My very first series was all about Windows...I come from's often grey, the winters are long and the days are short, and we needed all the light we could were really important.  My current house now has twice as many windows as it did when I moved in!  74 to be exact - I'm not kidding!  so you can tell I'm a little nutty about windows.

Here are some of those first quilts:

I also did a series I called Idea of a City...there were about ten pieces, each 60" x 60", here are a couple to give you an idea:

And then there was my industrial series: I  must have made 8 or 9 about this steel mill in Hamilton, Ontario....

I also did a series about the old streets of York, and a more abstract one about memory called Red Shift,  and one about rooftops and chimneys, and one about landscapes I love, and one about my current town...and...and...and....
It's really great to work in a series, there are so many each one moves you forward to the next...
And, of course, it just so happens that I have a new class starting with
next week entitled Working In Series!!  The series can be abstract, or representational, or somewhere halfway in between....serial work is NOT limited by the type or content of the work. And, it's a really deeply satisfying way to work.
If you have been, thanks for reading!  And do write and comment about your own experiences as a serial quilter.....                    Elizabeth

Thursday, April 14, 2016

A teacher in the closet....

Emerald City

For the first time in my life I'm having lessons  in a one on one situation. While they're not art lessons, I think the experience of learning in a situation like this definitely translates to other activities.

 I'm the only student..and after about a dozen lessons,  I have realised just how wonderful it is to be the only student.  Would that I had had a personal tutor all along!  It's just amazing the progress you can make when the teacher is totally focused on your performance and no one else's.  Although, of course, a little intimidating at first being the sole focus of another's attention - or at least it looks like that!  The teacher could be mentally compiling a grocery list!

All At Sea

It's very hard and very slow,  learning in many group situations - I remember being largely bored in school as a child, reading a book hidden on my lap under the desk!  I did get very good at hiding books and reading!!  Even got away with it later on when, as a potential juror in a large court room, we were absolutely forbidden to read anything - as they interminably asked 100 people the same four boring questions!! it was a choice between going bonkers and reading illicitly!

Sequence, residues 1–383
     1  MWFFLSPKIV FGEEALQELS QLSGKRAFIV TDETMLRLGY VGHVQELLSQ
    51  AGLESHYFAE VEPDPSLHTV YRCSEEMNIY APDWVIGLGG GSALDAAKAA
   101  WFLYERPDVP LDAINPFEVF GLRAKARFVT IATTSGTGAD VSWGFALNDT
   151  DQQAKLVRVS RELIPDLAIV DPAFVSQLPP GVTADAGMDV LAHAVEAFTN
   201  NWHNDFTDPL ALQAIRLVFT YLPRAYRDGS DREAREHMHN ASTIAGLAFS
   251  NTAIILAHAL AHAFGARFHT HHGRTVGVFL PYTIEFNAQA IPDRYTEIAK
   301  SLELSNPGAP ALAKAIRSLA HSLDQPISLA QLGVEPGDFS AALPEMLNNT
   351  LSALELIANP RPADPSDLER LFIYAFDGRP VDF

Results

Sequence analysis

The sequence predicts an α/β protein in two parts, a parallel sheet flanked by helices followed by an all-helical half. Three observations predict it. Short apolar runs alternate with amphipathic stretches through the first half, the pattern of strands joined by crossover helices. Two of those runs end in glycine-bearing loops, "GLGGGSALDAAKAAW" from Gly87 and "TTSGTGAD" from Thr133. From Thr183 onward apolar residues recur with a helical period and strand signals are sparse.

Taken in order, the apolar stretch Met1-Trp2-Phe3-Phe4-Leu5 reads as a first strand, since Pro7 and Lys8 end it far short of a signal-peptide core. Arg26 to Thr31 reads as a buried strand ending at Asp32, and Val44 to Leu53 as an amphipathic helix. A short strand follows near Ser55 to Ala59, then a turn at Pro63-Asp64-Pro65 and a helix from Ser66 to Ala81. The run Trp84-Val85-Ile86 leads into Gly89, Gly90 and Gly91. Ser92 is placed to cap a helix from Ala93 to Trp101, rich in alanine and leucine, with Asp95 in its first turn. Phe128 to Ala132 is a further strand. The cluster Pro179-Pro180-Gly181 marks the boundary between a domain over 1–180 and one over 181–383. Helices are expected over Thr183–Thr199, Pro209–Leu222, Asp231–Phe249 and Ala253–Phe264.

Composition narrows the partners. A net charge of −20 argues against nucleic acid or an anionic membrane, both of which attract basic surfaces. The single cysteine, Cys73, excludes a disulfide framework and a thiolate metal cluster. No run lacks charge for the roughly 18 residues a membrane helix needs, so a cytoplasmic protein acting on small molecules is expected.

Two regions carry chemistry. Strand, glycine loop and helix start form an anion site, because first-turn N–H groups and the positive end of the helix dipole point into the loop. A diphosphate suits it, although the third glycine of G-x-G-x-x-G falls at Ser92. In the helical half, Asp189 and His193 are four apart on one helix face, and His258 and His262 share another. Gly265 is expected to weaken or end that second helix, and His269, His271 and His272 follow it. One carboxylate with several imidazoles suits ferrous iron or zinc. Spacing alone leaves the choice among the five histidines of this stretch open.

Pond in Winter, looking East

I've often thought that I could make art so much better if I had a really great teacher constantly available...Nancy Crow in the closet, or Emily Richardson at the next table...maybe Cezanne offering suggestions from an armchair, or Hans Hoffman coming by every few minutes.  Do we learn from making mistakes? yes definitely...but not if we keep making the same mistakes over and over - then all we're learning is how to make mistakes.   And I have learned a LOT of them.

On the Latch

I don't know how one could get the same effect as that "teacher in the closet" if you were totally on your own...perhaps having frequent review sessions with oneself?  I know it's hard to stop and really look at what you're doing when you're in  a sewing frenzy and hoping to get the piece done by some deadline...but we  probably need to stop and look - and change horses in midstream (love mixed metaphors) more often? 

Anybody got any other ideas?  anybody willing to come and reside in the alcove of my sewing room?
I could make it quite cozy AND bring you nice cups of tea.....

If you have been, thanks for reading!  and do write and comment...I love hearing from you....

Tuesday, April 5, 2016

It's a matter of size....

Does size matter when it comes to quilts?

Generally speaking large has a lot more impact than small.  There's something so monumental about a simple design write large - look at Motherwell's paintings or Frank Stella:

As an aside, I so wish we could use actual images from the 'net of other people's art work in a blog without Getty or someone descending on us like a ton of bricks!  And, yes, one could write for permission, which may or not be granted, which may or may not take several days, and the muse has long gone! Fortunately, I took the above photo myself!

Look at the scale of it....if that were a little quilted piece about 18" wide and 5" high, would anyone look at it twice?

Many of our most well known art quilters have focused on large work made from  large shapes and lines very often in high contrast colors (as in the Stella above) and they do look good in a gallery.  The quilts, that is, not the quilters!!!  Though I'm sure they don't look bad!!

 Once I offered to help to hang an art show - all media - it had been judged by a professional from out of state who hadn't the time to say where the work should go.  At the last minute, the expert I was supposed to be helping also disappeared!  I was left with all these packages and crates and a couple of guys with ladders, hammer and nails!!  I had no idea where to begin, hadn't even seen most of the work.  A pro came by and I grabbed him "what do I do???" - he said "find one big piece to be the important piece, the focal point of each long the others in around it."
I did that...and it worked...but those Big Pieces literally did become the focal points, the meaning of that particular wall, the lead singer, everything else subservient.

And of course in our cities, we look upto the biggest building, or, at least, the there's a lot to be said for Going Large......

So, should  art quilts be large?  Should we all be Thinking Big?   When I suggested that this was "almost always" the case in one of my online classes, I immediately got several folk weighing in with Big support for Little quilts - quilts less than 12" on any dimension....apparently in both Europe and North America these miniatures are a real hit, often getting Big Prizes...but, I wonder, is this just because of the sheer incredible difficulty of making very complex designs exactly and obsessionally perfectly out of tiny little pieces.  Are these little quilts the bird's nest soup of the quilt world?  Precious because  of the difficulty with which they are created?   Well, what d'you think??   Comments, please!!

And, if you have been, thanks for reading!!!  Elizabeth